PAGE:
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Acta Anaesthesiol Scand. 2014 Oct;58(9):1121-6. doi: 10.1111/aas.12356. Epub 2014 Jul 18.

Dexmedetomidine provides neuroprotection: impact on ketamine-induced neuroapoptosis in the developing rat brain.

Author information

1
Department of Anaesthesiology, The Second Hospital of Hebei Medical University, Shijiazhaung, China.

Abstract

BACKGROUND:

Ketamine and dexmedetomidine are increasingly used in combination in pediatric patients. This study examined the hypothesis that dexmedetomidine attenuated ketamine-induced neurotoxicity.

METHODS:

Neonatal rats were randomly divided into four groups (n=10, male 5, female 5). Group S+S received an equal volume of normal saline intraperitoneally and subcutaneously at an interval of 5 min. Group K+S received an intraperitoneal injection of 75 mg/kg ketamine followed by subcutaneous injection of normal saline 5 min later. Group S+D were given subcutaneously 25 μg/kg dexmedetomidine 5 min after injection of normal saline. Group K+D received a subcutaneous injection of 25 μg/kg dexmedetomidine 5 min after ketamine injection. The above drugs were given once daily for 3 days. Neuronal apoptosis in the CA1 region and the dentate gyrus of rats was examined by transferase dUTP nick end labeling (TUNEL) assays. Learning and memory abilities of 2-month old rats were examined by Morris water maze test. The results were analyzed by analysis of variance.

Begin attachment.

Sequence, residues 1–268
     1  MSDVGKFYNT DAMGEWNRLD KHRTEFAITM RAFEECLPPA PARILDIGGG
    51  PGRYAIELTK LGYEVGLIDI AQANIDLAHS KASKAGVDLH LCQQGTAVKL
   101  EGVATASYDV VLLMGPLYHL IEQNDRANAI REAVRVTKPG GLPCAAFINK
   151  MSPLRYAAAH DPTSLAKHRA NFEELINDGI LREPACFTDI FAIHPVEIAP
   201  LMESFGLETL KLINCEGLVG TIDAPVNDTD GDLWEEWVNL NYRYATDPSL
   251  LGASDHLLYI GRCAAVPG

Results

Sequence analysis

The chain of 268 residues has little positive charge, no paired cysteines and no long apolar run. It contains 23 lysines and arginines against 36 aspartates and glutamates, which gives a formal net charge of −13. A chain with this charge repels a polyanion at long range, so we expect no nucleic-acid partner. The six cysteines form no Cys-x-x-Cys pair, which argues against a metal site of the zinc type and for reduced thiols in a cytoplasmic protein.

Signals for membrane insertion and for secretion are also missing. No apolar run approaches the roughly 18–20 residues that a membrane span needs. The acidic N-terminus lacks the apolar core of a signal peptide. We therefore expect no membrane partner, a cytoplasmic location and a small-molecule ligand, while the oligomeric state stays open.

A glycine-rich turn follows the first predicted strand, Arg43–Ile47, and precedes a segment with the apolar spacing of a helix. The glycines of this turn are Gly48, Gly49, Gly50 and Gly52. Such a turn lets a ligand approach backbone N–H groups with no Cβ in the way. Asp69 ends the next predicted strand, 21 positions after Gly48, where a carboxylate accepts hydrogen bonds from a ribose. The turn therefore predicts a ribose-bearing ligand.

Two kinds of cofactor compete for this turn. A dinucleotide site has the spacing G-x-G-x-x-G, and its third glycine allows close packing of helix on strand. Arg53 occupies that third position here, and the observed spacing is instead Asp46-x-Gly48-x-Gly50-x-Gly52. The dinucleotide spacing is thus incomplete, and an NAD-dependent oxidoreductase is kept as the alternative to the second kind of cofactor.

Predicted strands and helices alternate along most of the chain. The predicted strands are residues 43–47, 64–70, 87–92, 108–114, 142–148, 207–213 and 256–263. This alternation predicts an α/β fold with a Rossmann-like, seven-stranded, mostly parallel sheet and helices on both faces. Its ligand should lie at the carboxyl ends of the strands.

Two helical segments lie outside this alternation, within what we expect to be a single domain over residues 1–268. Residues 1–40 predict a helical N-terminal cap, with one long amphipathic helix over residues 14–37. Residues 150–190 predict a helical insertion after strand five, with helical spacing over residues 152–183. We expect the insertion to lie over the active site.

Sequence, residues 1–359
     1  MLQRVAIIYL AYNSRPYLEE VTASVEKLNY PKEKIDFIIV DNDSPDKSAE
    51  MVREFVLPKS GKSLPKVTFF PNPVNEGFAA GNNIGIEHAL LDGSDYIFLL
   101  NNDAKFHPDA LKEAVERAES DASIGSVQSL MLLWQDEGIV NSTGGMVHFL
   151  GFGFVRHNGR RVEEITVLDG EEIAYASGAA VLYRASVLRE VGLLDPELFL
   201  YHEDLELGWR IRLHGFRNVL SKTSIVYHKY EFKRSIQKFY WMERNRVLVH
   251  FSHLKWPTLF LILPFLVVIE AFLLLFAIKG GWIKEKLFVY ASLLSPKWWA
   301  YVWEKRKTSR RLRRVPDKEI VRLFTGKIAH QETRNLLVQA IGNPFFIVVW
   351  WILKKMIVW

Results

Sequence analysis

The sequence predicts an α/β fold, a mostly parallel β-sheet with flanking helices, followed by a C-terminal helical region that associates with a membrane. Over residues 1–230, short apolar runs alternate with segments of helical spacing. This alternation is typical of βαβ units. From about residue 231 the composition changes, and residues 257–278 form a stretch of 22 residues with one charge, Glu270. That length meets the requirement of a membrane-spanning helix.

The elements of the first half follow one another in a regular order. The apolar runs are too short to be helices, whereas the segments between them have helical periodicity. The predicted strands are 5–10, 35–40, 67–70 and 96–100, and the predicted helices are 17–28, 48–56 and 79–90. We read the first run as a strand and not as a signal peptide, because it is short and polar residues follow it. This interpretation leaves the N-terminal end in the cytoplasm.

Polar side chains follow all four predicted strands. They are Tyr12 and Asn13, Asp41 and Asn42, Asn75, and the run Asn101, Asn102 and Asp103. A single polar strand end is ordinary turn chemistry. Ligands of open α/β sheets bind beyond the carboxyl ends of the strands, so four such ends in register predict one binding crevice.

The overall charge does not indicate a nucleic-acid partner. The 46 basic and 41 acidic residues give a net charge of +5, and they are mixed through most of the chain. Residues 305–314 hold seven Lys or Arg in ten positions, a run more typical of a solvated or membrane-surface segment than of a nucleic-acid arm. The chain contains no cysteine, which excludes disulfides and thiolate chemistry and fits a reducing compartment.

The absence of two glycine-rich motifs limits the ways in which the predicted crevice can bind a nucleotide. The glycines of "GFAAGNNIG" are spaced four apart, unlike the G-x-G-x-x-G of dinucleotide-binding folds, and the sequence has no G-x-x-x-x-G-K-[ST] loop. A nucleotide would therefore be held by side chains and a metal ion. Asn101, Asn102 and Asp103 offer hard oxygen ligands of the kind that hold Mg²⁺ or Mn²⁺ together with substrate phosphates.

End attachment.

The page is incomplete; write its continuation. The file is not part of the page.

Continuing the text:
RESULTS:

The percentage of TUNEL-positive cells in group K+S (CA1, 49.0±9.46 and dentate gyrus, 49.4±5.41) was markedly higher than that in group K+D (CA1, 37.2±5.54 and dentate gyrus, 35.2±5.06) (F=5.49, P<0.05 and F=13.51, P<0.001, respectively). Group K+S took significantly longer time and swimming distance to find the hidden platform on the fourth and fifth training days than group K+D (P<0.05). Moreover, group K+D spent considerably more time in the target quadrant than group K+S (P<0.05). Dexmedetomidine alone caused a small but statistically insignificant increase in neuronal apoptosis of the CA1 region and the dentate gyrus of neonatal rats compared with normal saline.

CONCLUSION:

In conclusion, ketamine caused neuroapoptosis and impaired brain functions in the developing rat brain which can be effectively attenuated by dexmedetomidine. Dexmedetomidine alone was not neurotoxic to the developing brain.

PMID:
25041263
DOI:
10.1111/aas.12356
[Indexed for MEDLINE]

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